Google started out as a simple search engine in 1998 and has turned into one of the most important and influential companies in the world.
On Thursday, the company celebrates its 20th birthday, and although searching for something on the internet has commonly become “googling”, the company itself has become a part of the everyday lives in more ways than one.
Google was officially founded in September 1997 but September 1998 is generally seen as the date the company really started its now-ubiquitous search engine.
The search engine was created for about $100,000 by Sergey Brin and Larry Page, two Stanford PhD students, who wanted to challenge Altavista and Yahoo, the two most popular search engines in the earlier days of the internet.
As its popularity grew, the company expanded to new territories. One of the most important ones, without which it could have never grown to its current size, is selling advertisements next to its search results.
Google AdWords, as it became known, was launched in 2000 and soon turned Google into a highly profitable company.
Combined with Google’s powerful PageRank system of indexing search results, the company grew over the years and went public in 2004, offering investors to buy its shares.
The same year, Google launched Gmail, providing internet users with an inbox with 1GB of space, which was unheard of until then.
Over the years, the company expanded into new technologies – some successful, some not so much.
Two of the most successful Google brands, besides its search engine and Gmail, are probably the video platform YouTube and operating system Android.
YouTube, which was launched in 2005 and bought by Google the next year, has become the go-to platform for majority of internet users. It now boasts of more than 1 billions hours watched on the website and app every day by its users.
In similar fashion, Google’s Android has become the most common operating system around the world.
Android became popular because of its open nature, which allows the operating system to run on both expensive as well as budget phones, making it perfect for emerging markets like China, India and Brazil.
Despite changing the internet, and everything that comes with it, Google has also faced much criticism in the recent two decades.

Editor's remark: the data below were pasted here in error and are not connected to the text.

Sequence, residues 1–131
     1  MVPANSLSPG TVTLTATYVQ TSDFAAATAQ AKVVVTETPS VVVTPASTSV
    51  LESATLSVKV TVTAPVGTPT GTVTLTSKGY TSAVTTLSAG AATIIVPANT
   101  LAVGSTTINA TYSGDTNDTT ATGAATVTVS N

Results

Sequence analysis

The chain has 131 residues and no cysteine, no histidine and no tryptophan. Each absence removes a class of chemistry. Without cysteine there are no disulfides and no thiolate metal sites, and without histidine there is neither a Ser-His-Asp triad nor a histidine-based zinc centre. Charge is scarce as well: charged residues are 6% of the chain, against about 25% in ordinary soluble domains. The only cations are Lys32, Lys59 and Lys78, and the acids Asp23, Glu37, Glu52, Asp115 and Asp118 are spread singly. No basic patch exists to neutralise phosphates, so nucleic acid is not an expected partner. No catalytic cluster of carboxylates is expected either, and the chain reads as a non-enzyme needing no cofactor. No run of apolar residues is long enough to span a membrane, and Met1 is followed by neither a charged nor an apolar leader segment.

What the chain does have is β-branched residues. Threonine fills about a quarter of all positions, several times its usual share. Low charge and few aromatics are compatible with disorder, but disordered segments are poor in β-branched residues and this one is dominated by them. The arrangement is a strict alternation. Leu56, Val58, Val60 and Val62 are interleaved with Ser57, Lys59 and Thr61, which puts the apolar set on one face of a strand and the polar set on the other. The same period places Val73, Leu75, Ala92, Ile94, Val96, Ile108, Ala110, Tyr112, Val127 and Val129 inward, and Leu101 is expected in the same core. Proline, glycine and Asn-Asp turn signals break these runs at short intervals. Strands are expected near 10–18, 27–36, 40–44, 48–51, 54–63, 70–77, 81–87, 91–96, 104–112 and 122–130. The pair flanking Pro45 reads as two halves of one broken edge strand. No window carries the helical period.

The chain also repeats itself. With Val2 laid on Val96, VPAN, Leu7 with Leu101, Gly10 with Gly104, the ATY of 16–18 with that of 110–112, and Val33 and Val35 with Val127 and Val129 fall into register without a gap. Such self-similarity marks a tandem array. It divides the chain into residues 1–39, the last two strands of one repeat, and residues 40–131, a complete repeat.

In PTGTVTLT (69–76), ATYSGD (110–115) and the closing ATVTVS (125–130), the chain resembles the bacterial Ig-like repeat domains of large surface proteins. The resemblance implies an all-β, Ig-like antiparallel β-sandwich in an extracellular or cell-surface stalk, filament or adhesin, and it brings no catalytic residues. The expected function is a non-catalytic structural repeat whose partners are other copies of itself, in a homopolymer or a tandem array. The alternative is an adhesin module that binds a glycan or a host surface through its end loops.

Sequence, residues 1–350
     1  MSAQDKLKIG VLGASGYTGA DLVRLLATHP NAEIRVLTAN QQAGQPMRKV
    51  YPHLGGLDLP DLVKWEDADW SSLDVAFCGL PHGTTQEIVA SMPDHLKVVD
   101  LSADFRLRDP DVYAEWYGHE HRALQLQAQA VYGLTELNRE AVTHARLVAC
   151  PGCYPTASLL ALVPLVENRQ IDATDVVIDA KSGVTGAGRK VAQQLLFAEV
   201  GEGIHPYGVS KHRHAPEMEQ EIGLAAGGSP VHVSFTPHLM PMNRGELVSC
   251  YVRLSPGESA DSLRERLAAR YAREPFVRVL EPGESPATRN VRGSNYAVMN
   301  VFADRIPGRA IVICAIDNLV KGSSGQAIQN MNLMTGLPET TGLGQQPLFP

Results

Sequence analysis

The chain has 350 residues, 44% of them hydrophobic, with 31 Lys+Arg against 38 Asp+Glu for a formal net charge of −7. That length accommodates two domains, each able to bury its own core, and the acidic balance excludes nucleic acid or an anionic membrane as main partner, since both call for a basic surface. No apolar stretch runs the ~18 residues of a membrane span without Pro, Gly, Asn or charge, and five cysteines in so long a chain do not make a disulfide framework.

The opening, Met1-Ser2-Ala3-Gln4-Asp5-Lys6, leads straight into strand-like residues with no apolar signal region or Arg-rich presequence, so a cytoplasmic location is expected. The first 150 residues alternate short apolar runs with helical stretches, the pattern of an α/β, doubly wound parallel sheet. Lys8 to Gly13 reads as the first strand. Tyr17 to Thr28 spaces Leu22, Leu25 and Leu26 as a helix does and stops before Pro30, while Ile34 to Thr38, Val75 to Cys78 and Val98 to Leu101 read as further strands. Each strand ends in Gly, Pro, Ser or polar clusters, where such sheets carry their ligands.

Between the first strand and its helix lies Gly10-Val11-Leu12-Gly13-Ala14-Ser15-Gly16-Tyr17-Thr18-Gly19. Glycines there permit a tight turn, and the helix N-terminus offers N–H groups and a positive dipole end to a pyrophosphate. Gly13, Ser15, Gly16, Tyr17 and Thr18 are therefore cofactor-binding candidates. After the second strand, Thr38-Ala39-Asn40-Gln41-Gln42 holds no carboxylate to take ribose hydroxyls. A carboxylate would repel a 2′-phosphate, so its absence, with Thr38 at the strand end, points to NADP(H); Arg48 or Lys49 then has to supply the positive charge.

Its users are required to give up significant amounts of privacy, so that the company could can tailor ads towards them.
Google’s Chrome browser knows a user’s browsing history, its Android phone knows where they have travelled, and their Gmail inbox is scanned for keywords, all to improve advertising.
With its huge market share – more than 90 percent of all searches on the internet are done using Google – the company has come under scrutiny by the European Union, which handed the company a record fine of $5bn for violating anti-trust laws.
In addition, since 2016, Google has become part of a discussion around fake news because of the way its algorithm recommends articles and videos on Google News and YouTube to a user.
Rights groups have decried Google’s attempts to build a separate search engine, saying freedom of speech and human rights would be at risk because the company would knowingly and willingly keep results deemed ‘dangerous’ by the Chinese government from showing up.
Despite these criticisms, there seems to be no stopping Google for the foreseeable future.
Currently, the company is working on futuristic projects, including self-driving cars, artificial intelligence, robotics and even attempts at creating an eternal life.
To house these different ventures under one umbrella, Google in 2015 officially changed its name to Alphabet, which is one of the top five tech companies in the world and is currently valued at over $700bn.
Google itself is now only related to things related to the search engine. But whatever its future holds, chances are it will definitely last for at least another 20 years.